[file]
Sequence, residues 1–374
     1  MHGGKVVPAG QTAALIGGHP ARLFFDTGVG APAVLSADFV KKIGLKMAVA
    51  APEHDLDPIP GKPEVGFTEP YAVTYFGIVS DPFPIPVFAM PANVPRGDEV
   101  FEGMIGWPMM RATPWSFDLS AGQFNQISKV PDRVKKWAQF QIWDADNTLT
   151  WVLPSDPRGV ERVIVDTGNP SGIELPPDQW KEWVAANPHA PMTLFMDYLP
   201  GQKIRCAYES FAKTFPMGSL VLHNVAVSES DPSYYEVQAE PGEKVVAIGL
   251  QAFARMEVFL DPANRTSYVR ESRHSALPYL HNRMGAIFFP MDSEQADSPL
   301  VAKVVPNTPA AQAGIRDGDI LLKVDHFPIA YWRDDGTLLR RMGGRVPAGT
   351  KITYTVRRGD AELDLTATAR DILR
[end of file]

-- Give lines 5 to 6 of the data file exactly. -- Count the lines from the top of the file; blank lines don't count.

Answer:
   151  WVLPSDPRGV ERVIVDTGNP SGIELPPDQW KEWVAANPHA PMTLFMDYLP
   201  GQKIRCAYES FAKTFPMGSL VLHNVAVSES DPSYYEVQAE PGEKVVAIGL